ShelterBox

ShelterBox

Shelterbox
Our Club is a supporter of the Shelterbox program, which provides essential shelter to disaster victims throughout the world.  We raise funds all year around to provide shelterboxes in support of natural or man made disasters.
 
Rotary International signs partnership with ShelterBox, read the article here
 
 
To donate, contact us or go to  http://www.shelterboxaustralia.com.au/  
 
Please see this video to understand more about the Shelterbox Program
 
 
 
 
A ShelterBox usually consists of:
  • 10 thermal blankets
  • A rugged 10 person dome tent
  • Tools and other survival equipment
It provides:
  • dry shelter
  • a warm bed
  • light and heat
  • clean water
  • cooking aids
  • tools
  • For up to 10 people:  all supplied in a box ... a ShelterBox 
Shelterbox
 
How it all got startedtom henderson
Once upon a time, Rotarian Tom Henderson attended a regular meeting of the Rotary Club Helston-Lizard (Cornwall UK).  What he said next was to change everything. 
'Hey guys, I've had an idea which could bring shelter and beds to people who have become homeless in disasters around the world and all in a single box'. 'Yeah, that sounds a good idea,' we said, 'why don't you look into it?' 

Well, Tom doesn't need to be told twice!  As an ex Royal Navy officer and spending his time generally doing dangerous stuff above and below the sea all over the globe, he went and found all that was needed... tents, sleeping bags, boxes, equipment - the best quality, (with some arm twisting) at the lowest cost. 

He put ShelterBox together, it's administered by the Helston-Lizard Club, and boxes are sent world-wide with the help of Rotary Clubs.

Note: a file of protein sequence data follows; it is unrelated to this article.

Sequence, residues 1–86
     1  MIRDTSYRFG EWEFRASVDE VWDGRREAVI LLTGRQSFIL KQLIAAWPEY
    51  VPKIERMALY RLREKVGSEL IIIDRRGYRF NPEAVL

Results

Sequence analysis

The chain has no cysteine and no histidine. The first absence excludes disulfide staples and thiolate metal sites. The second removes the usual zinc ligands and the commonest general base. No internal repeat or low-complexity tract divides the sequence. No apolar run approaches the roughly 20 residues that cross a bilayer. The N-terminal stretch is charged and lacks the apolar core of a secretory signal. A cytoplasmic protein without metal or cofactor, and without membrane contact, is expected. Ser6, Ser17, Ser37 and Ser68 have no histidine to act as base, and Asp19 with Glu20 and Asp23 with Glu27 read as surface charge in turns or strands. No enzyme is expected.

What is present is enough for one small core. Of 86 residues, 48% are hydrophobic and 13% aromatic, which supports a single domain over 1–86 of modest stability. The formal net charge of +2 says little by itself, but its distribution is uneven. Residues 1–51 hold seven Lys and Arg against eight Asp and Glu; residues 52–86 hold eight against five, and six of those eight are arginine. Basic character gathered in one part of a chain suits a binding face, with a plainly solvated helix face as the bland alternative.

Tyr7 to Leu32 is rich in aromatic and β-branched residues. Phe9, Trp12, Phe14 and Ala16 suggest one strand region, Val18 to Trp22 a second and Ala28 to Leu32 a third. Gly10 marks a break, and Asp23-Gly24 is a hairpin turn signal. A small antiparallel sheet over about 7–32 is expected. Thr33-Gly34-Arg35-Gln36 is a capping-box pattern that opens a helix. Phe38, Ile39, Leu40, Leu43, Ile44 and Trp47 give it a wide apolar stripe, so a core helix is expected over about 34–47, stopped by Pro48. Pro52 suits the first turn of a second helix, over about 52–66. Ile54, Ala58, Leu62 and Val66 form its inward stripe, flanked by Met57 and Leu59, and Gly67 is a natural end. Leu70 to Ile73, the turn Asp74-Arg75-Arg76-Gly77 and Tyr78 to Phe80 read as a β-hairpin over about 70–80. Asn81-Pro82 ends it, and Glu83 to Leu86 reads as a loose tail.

ShelterBox Australia is a project of the Rotary Club of Endeavour Hills (Vic) and the accredited international affiliate of the ShelterBox Trust UK: it is a company limited by guarantee [ACN 129 338 825] and administers ShelterBox in Australia. 
Tom Henderson visited Australia in 2006, then again in 2007 where he spoke at eight Rotary District Conferences.  He often says, 'it's only a box.'  Well, after thus far providing vital assistance to over 500,000 people worldwide, we simply say, 'that's some box Tom!'  
 

Where ShelterBoxes are used

ShelterBoxes are sent worldwide to disaster areas.  Since 2000, more than 500,000 people in some 40 countries have been assisted by ShelterBox ... and the demand continues to exceed supply.  ShelterBox is now the largest Rotary Club project in the world.
 
 
The need exists ... the need persists.
Whether it be natural disasters or man made destruction ShelterBox is there at the grass roots, helping people in need. There are No borders within Rotary! 
Japan
 
100 ShelterBoxes have been requested for each of the following five cities: Miyako, Yamadamachi, Kamaishi, Rikuzentakata and Ofunato.

March 2011
Local government authorities in Japan’s Iwate Prefecture have requested 500 ShelterBoxes to provide emergency shelter and lifesaving supplies for families who lost their homes in last week’s tsunami. 

The request came via the local Rotary district and is initially for 100 ShelterBoxes for each of the following five cities: Miyako, Yamadamachi, Kamaishi, Rikuzentakata and Ofunato. 

The ShelterBox Response Team (SRT) operating in the country are working in cooperation with the British Embassy, British military personnel and the US military to overcome the logistical challenges they are facing.